House of Beauty by Melba Escobar (2015 in Spanish, 2018 in English) - a murder mystery among Bogota's elites and the people who serve them. Perfect for a rainy Sunday Covid isolation day. Great insight into the lives of different classes in Colombia and a well plotted twisty tale -- even though from page one you know what happened. Black Skin, White Masks by Frantz Fanon (1952) - a look at the psychological affects of racism on Blacks.
Trace Elements by Donna Leon (2020) -- the plot almost does not matter to me at this point in the series-- this time a water pollution scandal leads to murder. It is the time spent with beloved characters I've grown to know over the years. Although the numerous food descriptions were missing this time so I felt less hungry than usual.
The Chicken Sisters by KJ Dell Antonio (2020) - Reality TV, fried Chicken, sibling rivalry, family feuds, and rural Kansas combine in this deceptively simple story of what happens when social media and small town life collide. Mae, Amanda, Barbara, Nancy, and their unique neighbors are all portrayed with love and quirks. The plot revolves around who will win a reality show's designation of best fried chicken in town and the messes those cameras can uncover (literally and figuratively as one of the characters suffers from extreme hoarding). What it really revolves around is how where we grow up shapes us, how family is lovely, horrific, and definitely complicated, and how we are all doing the best we can in this life. KJ Dell Antonio seems to have taken her years as a NYTimes columnist and best selling author observing how good and bad parenting occurs and turned it into a terrific, fun, and insightful debut novel about how families are formed and changed by the distinctive people in them.
American Dirt by Jeanine Cummins (2020) - Controversy about who gets to tell whose stories abounds surrounding this book. I am grateful for that discussion being so public; and, I won't address it here. Instead, I will say that I am glad for this novel. Like one of my favorite books ever - Urrea's Into the Beautiful North (Ms. Cummins references Mr. Urrea in the novel) this book brings the lives of immigrants forward. With so many immigrants in the world, with so much politic weight being given to immigration in the USA, these stories are essential as we decide how to respond as countries and as human beings. The four main characters Ms. Cummins introduces us to in this book show us life as a refugee as someone trying to escape horrific conditions, which are compassionately portrayed. Her writing is moving. Towards the end some of the characters seemed to be inserted mostly to allow the plot to explain immigration and the crossing, and that was distracting. But don't let it get in the way of reading this book and having a lot of discussions about immigration that start with the migrants' perspectives and needs as show in this novel.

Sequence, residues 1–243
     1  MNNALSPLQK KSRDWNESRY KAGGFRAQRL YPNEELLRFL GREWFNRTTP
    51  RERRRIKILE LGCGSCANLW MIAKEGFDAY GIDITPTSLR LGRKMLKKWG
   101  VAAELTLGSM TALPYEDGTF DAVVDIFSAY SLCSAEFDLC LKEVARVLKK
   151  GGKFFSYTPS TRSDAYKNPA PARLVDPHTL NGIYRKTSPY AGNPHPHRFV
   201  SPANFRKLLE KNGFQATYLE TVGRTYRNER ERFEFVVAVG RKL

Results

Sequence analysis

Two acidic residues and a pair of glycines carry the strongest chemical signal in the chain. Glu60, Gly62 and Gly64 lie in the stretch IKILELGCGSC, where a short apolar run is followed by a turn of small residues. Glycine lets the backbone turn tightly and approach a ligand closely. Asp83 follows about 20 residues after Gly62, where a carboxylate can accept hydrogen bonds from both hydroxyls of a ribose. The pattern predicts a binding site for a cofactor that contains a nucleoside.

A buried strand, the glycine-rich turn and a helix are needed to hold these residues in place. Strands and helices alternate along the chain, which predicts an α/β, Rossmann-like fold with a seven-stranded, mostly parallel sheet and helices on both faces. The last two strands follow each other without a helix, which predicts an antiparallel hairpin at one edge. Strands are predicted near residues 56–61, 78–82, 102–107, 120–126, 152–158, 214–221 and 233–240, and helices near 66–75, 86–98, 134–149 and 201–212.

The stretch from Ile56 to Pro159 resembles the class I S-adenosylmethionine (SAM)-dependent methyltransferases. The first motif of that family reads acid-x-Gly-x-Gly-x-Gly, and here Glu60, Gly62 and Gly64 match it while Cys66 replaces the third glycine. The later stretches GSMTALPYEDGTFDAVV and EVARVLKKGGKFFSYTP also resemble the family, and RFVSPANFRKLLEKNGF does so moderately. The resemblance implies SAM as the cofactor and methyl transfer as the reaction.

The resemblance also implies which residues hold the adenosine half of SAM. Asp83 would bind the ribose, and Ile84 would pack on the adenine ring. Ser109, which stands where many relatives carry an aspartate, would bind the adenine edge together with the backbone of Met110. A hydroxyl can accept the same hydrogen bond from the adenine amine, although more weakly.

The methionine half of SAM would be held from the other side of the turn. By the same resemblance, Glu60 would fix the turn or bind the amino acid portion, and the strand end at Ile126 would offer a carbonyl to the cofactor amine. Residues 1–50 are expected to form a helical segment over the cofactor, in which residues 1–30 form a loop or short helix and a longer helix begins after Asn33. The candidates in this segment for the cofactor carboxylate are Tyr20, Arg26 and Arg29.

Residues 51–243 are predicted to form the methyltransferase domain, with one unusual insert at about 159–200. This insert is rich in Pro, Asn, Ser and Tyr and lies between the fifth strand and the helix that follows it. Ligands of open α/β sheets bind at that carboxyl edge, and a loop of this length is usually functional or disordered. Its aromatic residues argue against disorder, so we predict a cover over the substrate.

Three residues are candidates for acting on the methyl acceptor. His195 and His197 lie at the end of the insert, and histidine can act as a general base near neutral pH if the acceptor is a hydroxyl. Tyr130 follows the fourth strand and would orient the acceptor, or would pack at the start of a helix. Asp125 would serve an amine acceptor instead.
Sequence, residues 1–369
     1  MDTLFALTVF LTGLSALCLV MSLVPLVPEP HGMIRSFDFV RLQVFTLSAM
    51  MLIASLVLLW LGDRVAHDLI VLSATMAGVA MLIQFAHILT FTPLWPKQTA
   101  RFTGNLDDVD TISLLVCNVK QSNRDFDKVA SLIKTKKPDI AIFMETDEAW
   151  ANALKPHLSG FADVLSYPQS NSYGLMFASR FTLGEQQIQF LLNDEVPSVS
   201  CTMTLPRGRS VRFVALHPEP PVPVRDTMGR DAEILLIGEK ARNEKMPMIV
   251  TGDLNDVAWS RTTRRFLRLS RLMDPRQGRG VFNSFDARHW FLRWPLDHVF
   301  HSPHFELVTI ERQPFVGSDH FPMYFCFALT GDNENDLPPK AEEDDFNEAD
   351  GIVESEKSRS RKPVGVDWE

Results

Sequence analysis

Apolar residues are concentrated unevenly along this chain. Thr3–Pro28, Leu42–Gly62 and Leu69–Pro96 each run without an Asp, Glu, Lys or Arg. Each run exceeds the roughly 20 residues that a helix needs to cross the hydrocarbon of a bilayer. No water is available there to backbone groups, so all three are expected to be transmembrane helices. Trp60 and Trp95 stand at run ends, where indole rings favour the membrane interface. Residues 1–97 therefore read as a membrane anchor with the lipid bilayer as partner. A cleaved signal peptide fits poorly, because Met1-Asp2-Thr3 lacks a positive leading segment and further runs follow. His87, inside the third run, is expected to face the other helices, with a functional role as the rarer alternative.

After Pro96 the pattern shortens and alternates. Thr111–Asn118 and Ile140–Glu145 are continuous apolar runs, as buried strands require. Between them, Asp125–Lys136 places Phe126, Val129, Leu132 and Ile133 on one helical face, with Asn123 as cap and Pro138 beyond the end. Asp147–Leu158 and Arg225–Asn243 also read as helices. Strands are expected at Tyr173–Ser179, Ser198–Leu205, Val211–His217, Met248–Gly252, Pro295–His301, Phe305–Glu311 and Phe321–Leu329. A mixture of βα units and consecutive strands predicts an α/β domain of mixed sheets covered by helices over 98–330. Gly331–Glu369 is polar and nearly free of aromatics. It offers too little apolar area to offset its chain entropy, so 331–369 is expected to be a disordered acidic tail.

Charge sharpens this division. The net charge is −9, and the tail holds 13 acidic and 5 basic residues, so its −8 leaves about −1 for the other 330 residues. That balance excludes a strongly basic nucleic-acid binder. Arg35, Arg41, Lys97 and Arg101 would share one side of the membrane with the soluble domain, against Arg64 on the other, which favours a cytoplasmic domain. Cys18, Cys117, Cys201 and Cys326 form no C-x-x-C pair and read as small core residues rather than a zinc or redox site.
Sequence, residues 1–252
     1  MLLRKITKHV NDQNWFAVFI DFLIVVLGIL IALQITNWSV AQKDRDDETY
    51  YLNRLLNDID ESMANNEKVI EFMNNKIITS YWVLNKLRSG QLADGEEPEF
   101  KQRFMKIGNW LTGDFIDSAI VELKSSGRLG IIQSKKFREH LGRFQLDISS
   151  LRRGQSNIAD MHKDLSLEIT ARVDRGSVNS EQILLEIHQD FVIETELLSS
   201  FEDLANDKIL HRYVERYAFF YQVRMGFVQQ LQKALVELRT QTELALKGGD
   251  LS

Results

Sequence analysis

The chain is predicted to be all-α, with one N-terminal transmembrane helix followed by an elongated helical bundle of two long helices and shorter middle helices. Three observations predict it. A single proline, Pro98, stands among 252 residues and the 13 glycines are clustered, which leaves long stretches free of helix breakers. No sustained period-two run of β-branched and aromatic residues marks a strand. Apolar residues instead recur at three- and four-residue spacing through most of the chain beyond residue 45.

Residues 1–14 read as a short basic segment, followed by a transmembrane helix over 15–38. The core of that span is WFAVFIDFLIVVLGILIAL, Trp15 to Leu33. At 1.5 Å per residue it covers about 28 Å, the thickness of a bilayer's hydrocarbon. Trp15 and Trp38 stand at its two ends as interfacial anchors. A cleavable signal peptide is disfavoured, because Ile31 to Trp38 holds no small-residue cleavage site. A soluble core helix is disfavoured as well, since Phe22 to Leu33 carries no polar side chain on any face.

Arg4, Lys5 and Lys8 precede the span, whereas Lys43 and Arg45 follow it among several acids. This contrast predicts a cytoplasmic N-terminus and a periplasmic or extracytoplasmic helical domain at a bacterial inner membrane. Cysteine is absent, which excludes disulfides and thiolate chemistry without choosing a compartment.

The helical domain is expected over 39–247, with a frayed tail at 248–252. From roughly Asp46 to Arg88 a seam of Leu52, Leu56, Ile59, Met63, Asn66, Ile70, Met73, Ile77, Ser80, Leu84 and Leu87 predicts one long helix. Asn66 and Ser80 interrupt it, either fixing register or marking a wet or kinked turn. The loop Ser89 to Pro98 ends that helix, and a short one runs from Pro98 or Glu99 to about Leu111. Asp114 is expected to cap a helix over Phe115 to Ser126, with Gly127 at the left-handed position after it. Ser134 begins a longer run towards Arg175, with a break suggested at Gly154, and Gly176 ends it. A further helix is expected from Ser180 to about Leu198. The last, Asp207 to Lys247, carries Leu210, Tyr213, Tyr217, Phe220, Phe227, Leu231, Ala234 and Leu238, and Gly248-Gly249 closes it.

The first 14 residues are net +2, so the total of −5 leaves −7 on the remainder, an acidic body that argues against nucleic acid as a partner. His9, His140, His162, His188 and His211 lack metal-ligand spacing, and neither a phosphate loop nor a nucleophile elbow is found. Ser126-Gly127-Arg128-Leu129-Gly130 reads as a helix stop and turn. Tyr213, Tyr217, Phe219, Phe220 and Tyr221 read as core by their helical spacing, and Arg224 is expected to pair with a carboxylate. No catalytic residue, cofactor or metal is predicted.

What A great Age by (2020) I wanted this to be better than it was. I see this as a book she wrote because her message was so important. And it is! Yet in doing so she created a group of people it is hard to like. And not that characters have to be likeable; But I do need hope that someone will change. I need someone to hang my hat on and that was hard to find. However somehow I still am glad I read this book.
The Mountains Wild by Sarah Stewart Taylor (June 2020) - A terrific atmospheric thriller set in Ireland and Long Island. You will love the main detective Maggie d'Arcy and her colleagues and friends as they try to solve the mystery behind a series of abductions and deaths of women along the Irish coast. A mystery that is personal as it involves the disappearance of Maggie's cousin Erin 23 years prior.
2020 Kids and YA
Other Words For Home by Jasmine Warga (2019) - I love books by Jason Reynolds (and became a huge fan of him as a person after being lucky enough to meet him multiple times). Thus, the fact he blurbed this novel was the reason I picked it up when looking for a book for this post. In this novel for kids, the main character, Jude, is introduced to us while living in Syria with her family - dad, mom, and an older brother. A few pages in, with her mother pregnant again, only Jude and her mom move to the USA so the baby can be born in a safer place. They land in the home of Jude's uncle, aunt, and cousin, who is around Jude's age. The story follows what it is like for Jude to navigate her new school, being Muslim in America, and worrying about the family she left behind. The story is full of moments of sadness and warmth, told with great heart. Bonus -- the book is written in free-verse poetry meaning fewer words per page - helpful with reluctant readers. Enjoy!
Be You by Peter Reynolds (2020) -- Another inspiring and lovingly illustrated book by Peter Reynolds. This one directly inspires us all to just be ourselves. From the Desk of Zoe Washington by Janae Marks (2019) - Ms. Marks's debut novel combines social justice issues - the number of black men who are incarcerated and the more mundane concerns of being a pre-teen girl in this story of a 12 year old Zoe - and her quest to get to know the father she has never met as he is incarcerated and her mom forbids contact.